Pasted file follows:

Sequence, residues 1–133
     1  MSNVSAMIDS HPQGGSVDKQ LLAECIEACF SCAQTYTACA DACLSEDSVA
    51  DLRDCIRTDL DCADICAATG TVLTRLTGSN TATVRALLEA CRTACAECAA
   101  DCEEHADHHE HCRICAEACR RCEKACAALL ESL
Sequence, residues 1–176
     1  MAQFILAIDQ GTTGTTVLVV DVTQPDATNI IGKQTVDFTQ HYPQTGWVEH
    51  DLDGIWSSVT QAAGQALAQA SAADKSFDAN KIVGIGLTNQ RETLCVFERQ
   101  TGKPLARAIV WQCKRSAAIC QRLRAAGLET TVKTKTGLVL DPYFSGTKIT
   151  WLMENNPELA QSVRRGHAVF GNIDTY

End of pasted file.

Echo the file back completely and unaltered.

Sequence, residues 1–133
     1  MSNVSAMIDS HPQGGSVDKQ LLAECIEACF SCAQTYTACA DACLSEDSVA
    51  DLRDCIRTDL DCADICAATG TVLTRLTGSN TATVRALLEA CRTACAECAA
   101  DCEEHADHHE HCRICAEACR RCEKACAALL ESL
Sequence, residues 1–176
     1  MAQFILAIDQ GTTGTTVLVV DVTQPDATNI IGKQTVDFTQ HYPQTGWVEH
    51  DLDGIWSSVT QAAGQALAQA SAADKSFDAN KIVGIGLTNQ RETLCVFERQ
   101  TGKPLARAIV WQCKRSAAIC QRLRAAGLET TVKTKTGLVL DPYFSGTKIT
   151  WLMENNPELA QSVRRGHAVF GNIDTY